From the blurb:
The lead character of Monarch Season is pot smoking Devin Santos, who believes that image is everything He has a boyfriend in finance, a magazine-worthy beach house, and a closet full of Purple Label—never mind that he’s as jaded as a foo dog and self-medicates with enough weed to numb an elephant. Though Devin can measure success in his cobblestone abs, Italian linen sheets and a gallery’s worth of contemporary art, something is missing and cracks are weakening his relationship with domineering I-banker Charlie Doherty. Enter Frank Duma, a totally different kind of guy, who succeeds in unraveling Devin’s life and forces him to examine what it truly means to have it all.
Monarch Season is an in-depth character study of deeply flawed, complex people, some of whom grow throughout this novel.
Devin Santos, one of the leads, seems to have it all - money, prestige, a hot boyfriend, the finest of the finest things available, a summer beach house - and still, from the first moment, the reader is able to see the cracks in the beautiful facade. Devin's boyfriend is messing around with other men, and not even trying to hide it, which prompts Devin to self-medicate with pot and valium, but doesn't prevent him from trying to hold on to the image and lifestyle he's created for himself.
When Frank Duma enters his life and tries to win Devin for himself, Devin is forced to examine his values, his place in his boyfriend's life, and must realize that self-worth doesn't necessarily come from the fine and expensive things that surround you, but instead from the love and devotion of a man who puts your own needs first.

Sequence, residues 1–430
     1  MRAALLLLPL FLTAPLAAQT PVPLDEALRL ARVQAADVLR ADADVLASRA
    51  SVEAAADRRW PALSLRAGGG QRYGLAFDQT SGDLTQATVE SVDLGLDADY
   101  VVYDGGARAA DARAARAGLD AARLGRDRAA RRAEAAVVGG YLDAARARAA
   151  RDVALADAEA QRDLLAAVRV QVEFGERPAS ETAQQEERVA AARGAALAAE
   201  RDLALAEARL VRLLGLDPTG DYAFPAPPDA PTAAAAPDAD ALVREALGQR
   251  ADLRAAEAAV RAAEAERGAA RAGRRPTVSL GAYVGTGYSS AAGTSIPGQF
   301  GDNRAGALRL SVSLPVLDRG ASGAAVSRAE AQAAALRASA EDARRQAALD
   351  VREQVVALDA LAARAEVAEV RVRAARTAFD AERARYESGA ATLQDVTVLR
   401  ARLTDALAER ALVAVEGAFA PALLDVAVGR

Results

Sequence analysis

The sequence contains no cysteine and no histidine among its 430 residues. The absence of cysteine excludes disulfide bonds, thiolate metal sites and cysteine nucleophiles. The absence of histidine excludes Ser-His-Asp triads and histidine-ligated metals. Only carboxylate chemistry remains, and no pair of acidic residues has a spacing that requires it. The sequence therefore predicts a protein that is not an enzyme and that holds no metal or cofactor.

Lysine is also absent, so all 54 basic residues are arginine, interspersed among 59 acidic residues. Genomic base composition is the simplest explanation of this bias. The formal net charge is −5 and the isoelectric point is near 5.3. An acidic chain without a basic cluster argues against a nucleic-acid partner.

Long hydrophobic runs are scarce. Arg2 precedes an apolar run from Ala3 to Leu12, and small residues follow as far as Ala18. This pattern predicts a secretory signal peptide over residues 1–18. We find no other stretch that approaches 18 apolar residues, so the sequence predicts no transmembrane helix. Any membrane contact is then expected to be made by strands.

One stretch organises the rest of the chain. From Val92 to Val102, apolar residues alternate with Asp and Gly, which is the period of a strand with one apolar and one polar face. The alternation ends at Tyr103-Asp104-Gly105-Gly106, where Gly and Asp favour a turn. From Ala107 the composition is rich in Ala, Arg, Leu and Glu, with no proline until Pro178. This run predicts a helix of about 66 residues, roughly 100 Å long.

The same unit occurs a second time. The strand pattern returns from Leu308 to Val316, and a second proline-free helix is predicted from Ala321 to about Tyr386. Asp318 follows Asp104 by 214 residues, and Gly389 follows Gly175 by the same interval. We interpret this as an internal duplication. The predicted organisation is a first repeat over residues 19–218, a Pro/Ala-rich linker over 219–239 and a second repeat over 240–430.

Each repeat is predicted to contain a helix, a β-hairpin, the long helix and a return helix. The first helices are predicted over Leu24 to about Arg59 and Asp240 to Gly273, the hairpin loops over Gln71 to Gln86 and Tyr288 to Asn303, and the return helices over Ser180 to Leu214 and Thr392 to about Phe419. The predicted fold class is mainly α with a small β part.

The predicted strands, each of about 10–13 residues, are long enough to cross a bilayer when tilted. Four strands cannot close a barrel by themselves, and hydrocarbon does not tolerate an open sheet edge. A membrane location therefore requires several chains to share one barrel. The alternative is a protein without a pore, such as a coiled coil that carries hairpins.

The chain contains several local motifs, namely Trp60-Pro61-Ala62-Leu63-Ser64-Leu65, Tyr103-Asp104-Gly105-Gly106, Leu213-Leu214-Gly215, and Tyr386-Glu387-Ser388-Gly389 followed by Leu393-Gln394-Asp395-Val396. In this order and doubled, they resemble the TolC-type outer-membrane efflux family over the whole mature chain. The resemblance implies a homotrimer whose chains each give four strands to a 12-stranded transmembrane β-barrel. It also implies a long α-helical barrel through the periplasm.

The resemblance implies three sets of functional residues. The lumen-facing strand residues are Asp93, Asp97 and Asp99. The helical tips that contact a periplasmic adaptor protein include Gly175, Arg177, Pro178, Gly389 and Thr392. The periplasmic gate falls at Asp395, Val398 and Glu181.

The book doesn't need to rely on titillating sexual situations to bring its point across, nor does it shy away from peeling back the layers of the rich and somewhat famous who only seek power and pleasure for themselves, without regard for what it may cost anyone else.
The entire supporting cast has a purpose in the novel, and the author manages, with poignant and often witty dialogue, to draw a picture of two flawed individuals who, despite their obvious differences and Devin's initial disdain and denial, find something in each other they were desperately missing.
Monarch Season subtly questions and expounds on themes of false images and real identities, power and intrigues, sex and lust, money and prestige. The author created complex characters, including the supporting cast, that never felt like caricatures or parodies of contemporary gay culture. The writing is crisp and descriptive, the dialogue witty and wry, and this is the perfect book for a summer beach read.
A very impressive debut. I look forward to more from this author.
I received a free ARC from the publisher via Netgalley. A positive review was not promised in return.
Available now from Riverdale Avenue Books
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